Childhood cancer patient holding balloon

Childhood cancer affects the lives of young people all over the world, regardless of their family background or upbringing. Presently, more than 80 per cent of children in high-income countries have their cancer cured compared to only 30 per cent in low to middle-income countries.

In recent years, groundbreaking clinical trials, dedicated paediatricians and cancer researchers have helped improve childhood cancer survival rates and the way we treat the disease. However, the number of children in Australia diagnosed with cancer is also increasing, highlighting the need for further research. 

In Australia, almost 1,000 children are diagnosed with cancer annually and around 100 children sadly die. Almost half of these cancer diagnoses are for children under five. Globally, nearly 400,000 children and adolescents are diagnosed with cancer each year.

Murdoch Children’s Research Institute has several cancer studies ongoing, including the Victorian Paediatric Cancer Consortium (VPCC), Australian Cardio-Oncology Registry (ACOR) and cutting-edge brain cancer research. Our research aims to improve childhood cancer survival rates so that all children have the opportunity to live a healthy and fulfilled life.

Victorian Paediatric Cancer Consortium (VPCC)

The Victorian Paediatric Cancer Consortium (VPCC) is a collaboration led by Murdoch Children’s and the Hudson Institute of Medical Research that is driven by the need to improve outcomes for child cancer patients in Australia and worldwide.

The VPCC also includes clinicians and researchers from The Royal Children’s Hospital, Monash Children's Hospital, WEHIPeter MacCallum Cancer CentreMonash University and the University of Melbourne. This interplay of clinical expertise and research pipelines ensures that every potentially life-saving discovery reaches children in hospital with cancer as quickly as possible.

VPCC’s dedicated researchers work hard to fill the gap in child cancer research by mapping the patient journey, finding new therapies for rare types of cancer and investigating how to minimise the harmful effects of cancer-fighting treatments.

The aim of VPCC is to learn more about the immediate and ongoing effects of childhood cancer and give survivors better opportunities to manage their long-term health as they grow up.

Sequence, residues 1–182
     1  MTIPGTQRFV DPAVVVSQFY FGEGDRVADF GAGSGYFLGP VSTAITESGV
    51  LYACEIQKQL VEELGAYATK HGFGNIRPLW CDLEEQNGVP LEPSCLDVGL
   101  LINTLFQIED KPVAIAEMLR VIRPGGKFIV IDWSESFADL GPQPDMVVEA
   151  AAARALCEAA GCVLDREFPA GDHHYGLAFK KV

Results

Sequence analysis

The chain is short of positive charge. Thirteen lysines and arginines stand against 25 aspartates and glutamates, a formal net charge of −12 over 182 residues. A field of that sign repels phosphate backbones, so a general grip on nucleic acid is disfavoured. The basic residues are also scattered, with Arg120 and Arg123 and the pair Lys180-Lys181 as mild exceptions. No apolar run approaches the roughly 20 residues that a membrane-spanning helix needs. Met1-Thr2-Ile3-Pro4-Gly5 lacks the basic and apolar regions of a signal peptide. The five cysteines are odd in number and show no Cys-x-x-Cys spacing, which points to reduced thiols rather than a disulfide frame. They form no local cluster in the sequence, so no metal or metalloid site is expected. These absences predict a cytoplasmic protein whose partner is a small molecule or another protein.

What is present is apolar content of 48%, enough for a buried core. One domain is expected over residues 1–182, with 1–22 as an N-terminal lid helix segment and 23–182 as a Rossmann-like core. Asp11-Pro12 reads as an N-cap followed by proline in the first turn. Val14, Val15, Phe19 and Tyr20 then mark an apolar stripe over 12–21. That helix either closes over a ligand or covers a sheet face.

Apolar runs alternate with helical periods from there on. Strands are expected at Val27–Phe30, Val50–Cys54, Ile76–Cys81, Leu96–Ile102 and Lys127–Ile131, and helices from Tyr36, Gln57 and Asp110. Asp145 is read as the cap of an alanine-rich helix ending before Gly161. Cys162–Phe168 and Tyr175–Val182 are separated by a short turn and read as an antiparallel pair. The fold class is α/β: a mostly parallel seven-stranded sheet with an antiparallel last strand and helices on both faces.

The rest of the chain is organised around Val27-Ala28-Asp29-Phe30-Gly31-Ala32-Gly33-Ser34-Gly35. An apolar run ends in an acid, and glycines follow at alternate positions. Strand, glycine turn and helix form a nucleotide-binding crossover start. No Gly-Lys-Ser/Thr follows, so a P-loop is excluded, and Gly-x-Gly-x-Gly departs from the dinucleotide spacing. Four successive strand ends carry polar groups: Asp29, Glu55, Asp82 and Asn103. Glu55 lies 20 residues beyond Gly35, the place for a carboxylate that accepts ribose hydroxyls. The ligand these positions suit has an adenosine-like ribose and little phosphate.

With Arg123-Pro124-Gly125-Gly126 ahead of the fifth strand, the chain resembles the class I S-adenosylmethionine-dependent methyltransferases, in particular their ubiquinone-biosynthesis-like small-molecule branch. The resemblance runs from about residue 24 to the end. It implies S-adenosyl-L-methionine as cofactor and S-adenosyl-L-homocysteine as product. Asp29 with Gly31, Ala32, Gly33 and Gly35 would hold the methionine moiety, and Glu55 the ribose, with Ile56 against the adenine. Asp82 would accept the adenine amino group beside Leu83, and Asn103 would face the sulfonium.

VPCC is funded by the Australian Government’s Medical Research Future Fund (MRFF) and the Andrews Labor Government.

Australian Cardio-Oncology Registry (ACOR)

Currently, heart complications are the second leading cause of death in those who have beaten cancer. Survivors of childhood cancer are at a greater risk of heart failure and heart disease than the general population.

The Australian Cardio-Oncology Registry (ACOR) is a world-first cardio-oncology registry developed by Murdoch Children’s and supported by 11 Australian hospitals. ACOR aims to learn more about why survivors of childhood cancer are more likely to have heart failure than other children and prevent this from occurring.

The registry, led by Associate Professor Rachel Conyers, documents children and young adults who are receiving cancer treatments that can be toxic to the heart such as chemotherapy, radiotherapy, molecular and immunotherapy. The data collected in the registry includes information on the clinical, epidemiological and pharmaceutical experiences of children. It will help inform longitudinal cancer research to provide better outcomes and treatments for patients who are more at risk of developing harmful, therapy-related side effects.          

Brain Cancer Research

Childhood brain cancer has a very low survival rate in Australia, claiming the lives of four out of five children who are diagnosed with the disease within five years. There is currently no cure for brain cancer.

Professor David Eistenstat is the head of Neuro-Oncology at Murdoch Children’s and Director of the Children’s Cancer Centre at The Royal Children’s Hospital.

Professor Eistenstat and his team at Murdoch Children’s are working to identify new therapies that could one day treat, prevent and cure childhood brain cancer. The new therapies being studied will see whether it’s possible to use the immune system to create immunotherapies that fight brain cancer. We are also assessing whether giving specific medications to a child with relapsed brain cancer before surgery helps to better target new tumours.

The Neuro-Oncology team is also studying the link between the signals that control a cell's final identity, normal cell development and cancer.

In addition, Associate Professor Jonathan Payne, co-lead of the Brain & Mind Research Group at Murdoch Children's and his team are working together to find new treatments that may shrink brain tumours in children with neurofibromatosis.